Our January 21-23 concerts, Premiere Debut, feature the Madison premiere of Wynton Marsalis’s Violin Concerto in D. Learn more about this incredible composer and what makes Violin Concerto in D such a compelling piece!
We are excited to include the work of Wynton Marsalis for the first time in MSO history at our January concerts, Premiere Debut.
Wynton Marsalis is an internationally-acclaimed musician, composer and bandleader, an educator and a leading advocate of American culture. He was born in New Orleans in 1961 and became interested in music at a young age. His extraordinary talent was evident almost immediately and by the age of fourteen, he was performing with the New Orleans Philharmonic. He performed with several bands while in high school and at age seventeen, he became the youngest musician ever to be admitted to Tanglewood’s Berkshire Music Center.
In 1979 he moved to New York City to attend Julliard. Shortly after, Marsalis burst into the nationwide Jazz scene as a member of Art Blakey’s Jazz Messengers, though just a year later, he also won a Grammy Award for his recording of trumpet concertos by Haydn, Hummel, and Leopold Mozart.
Marsalis has had a long career touring with his own band, performing with leading orchestras, serving as the director of Jazz at Lincoln Center, hosting Marsalis On Music on PBS, and composing pieces in a wide variety of musical styles. He has won nine Grammys, for both jazz and classical awards, received honorary degrees from over 30 academic institutions, was inducted into the American Academy of Achievement, received The National Medal of Arts, the highest award given to artists by the United States Government, and became the first jazz musician ever to win the Pulitzer Prize for Music.
In the past 25 years, Marsalis has emerged as a leading American composer. Wynton Marsalis has composed across the full jazz spectrum from its New Orleans roots to Bebop to modern jazz. He also composed a violin concert and four symphonies that introduce new rhythms to the classical music canon.
Marsalis’s Violin Concerto in D, which Kelly Hall-Tompkins will be performing at our January concerts, debuted in 2015. The piece was composed for the Scottish violinist Nicola Benedetti, who asked Marsalis to ‘invite a diverse world of people into the experience of this piece.” After its premiere in 2015 with the London Symphony Orchestra, Bendetti performed the work widely on tour and recorded with the Philadelphia Orchestra in 2019.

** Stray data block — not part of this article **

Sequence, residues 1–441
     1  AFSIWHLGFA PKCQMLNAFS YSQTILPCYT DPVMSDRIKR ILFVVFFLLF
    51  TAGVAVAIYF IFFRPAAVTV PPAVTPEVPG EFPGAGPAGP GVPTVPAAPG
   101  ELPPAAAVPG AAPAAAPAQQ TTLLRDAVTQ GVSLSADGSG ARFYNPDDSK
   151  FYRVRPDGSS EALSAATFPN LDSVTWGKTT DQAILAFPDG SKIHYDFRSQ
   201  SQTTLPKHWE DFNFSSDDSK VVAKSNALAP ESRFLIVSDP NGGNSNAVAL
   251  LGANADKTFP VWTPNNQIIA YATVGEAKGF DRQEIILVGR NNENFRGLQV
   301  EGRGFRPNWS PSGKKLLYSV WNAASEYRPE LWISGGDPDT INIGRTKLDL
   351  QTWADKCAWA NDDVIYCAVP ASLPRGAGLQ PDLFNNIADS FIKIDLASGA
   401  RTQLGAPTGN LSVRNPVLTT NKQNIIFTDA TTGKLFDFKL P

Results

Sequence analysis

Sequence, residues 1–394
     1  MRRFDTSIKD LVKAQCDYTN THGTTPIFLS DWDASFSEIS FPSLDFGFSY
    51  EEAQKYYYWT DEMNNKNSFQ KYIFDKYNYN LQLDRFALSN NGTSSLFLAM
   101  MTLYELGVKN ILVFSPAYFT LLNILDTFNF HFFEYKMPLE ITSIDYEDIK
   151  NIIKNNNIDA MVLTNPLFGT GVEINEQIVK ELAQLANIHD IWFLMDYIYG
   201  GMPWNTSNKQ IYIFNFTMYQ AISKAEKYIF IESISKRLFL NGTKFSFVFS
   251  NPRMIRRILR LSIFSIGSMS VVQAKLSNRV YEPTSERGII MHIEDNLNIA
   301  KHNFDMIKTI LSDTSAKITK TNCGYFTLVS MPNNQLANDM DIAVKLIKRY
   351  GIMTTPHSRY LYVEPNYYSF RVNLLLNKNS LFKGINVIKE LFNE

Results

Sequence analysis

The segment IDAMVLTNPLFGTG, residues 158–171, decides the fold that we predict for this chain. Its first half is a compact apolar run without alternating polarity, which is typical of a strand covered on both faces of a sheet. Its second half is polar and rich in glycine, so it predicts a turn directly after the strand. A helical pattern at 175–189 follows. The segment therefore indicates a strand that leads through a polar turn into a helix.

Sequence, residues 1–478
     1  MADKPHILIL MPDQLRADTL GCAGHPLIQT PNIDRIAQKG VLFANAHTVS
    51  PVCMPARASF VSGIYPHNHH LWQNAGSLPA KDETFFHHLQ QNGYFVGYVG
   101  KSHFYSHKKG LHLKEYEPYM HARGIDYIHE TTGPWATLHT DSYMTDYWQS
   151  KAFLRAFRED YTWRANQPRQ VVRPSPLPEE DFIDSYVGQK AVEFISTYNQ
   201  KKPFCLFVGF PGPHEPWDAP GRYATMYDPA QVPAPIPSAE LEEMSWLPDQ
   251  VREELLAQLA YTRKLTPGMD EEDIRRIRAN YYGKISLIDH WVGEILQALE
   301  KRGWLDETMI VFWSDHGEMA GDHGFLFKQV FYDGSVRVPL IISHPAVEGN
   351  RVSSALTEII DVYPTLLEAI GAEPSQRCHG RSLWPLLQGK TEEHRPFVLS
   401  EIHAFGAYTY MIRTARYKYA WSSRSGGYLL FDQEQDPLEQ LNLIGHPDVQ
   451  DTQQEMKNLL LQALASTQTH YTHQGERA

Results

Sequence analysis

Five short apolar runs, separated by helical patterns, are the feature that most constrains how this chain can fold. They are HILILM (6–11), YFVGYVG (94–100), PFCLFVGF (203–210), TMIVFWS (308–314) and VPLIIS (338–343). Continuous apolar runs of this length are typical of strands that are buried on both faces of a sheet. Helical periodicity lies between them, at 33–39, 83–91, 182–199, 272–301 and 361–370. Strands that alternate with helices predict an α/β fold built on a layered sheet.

The concerto is in four movements, “Rhapsody,” “Rhondo,” “Blues,” and “Hootenanny.” Marsalis has explained the concerto as a whole as a representation of a dream, with each of its four movements “revealing a different aspect of [the] dream, which becomes reality through the public storytelling that is virtuosic performance.” Its fundamental character is Americana with sweeping melodies, jazzy orchestral dissonances, blues-tinged themes, fancy fiddling and a rhythmic swagger.
Read Michael Allsen’s program notes to discover even more about this and other pieces on our January program, and buy tickets for Premiere Debut to experience the captivating music of Wynton Marslis performed by Kelly Hall-Tompkins.
Listen to the four movements of Violin Concerto in D below.
Marsalis’s Violin Concerto in D Major – 1. Rhapsody performed by Nicola Benedetti and The Philadelphia Orchestra.
Marsalis’s Violin Concerto in D Major – 2. Rondo Burlesque performed by Nicola Benedetti and The Philadelphia Orchestra.
Marsalis’s Violin Concerto in D Major – 3. Blues performed by Nicola Benedetti and The Philadelphia Orchestra.
Marsalis’s Violin Concerto in D Major – 4. Hootenanny performed by Nicola Benedetti and The Philadelphia Orchestra.
Learn more about Premiere Debut, and buy tickets to hear Marsalis’s Violin Concerto in D live on January 21, 22, and 23.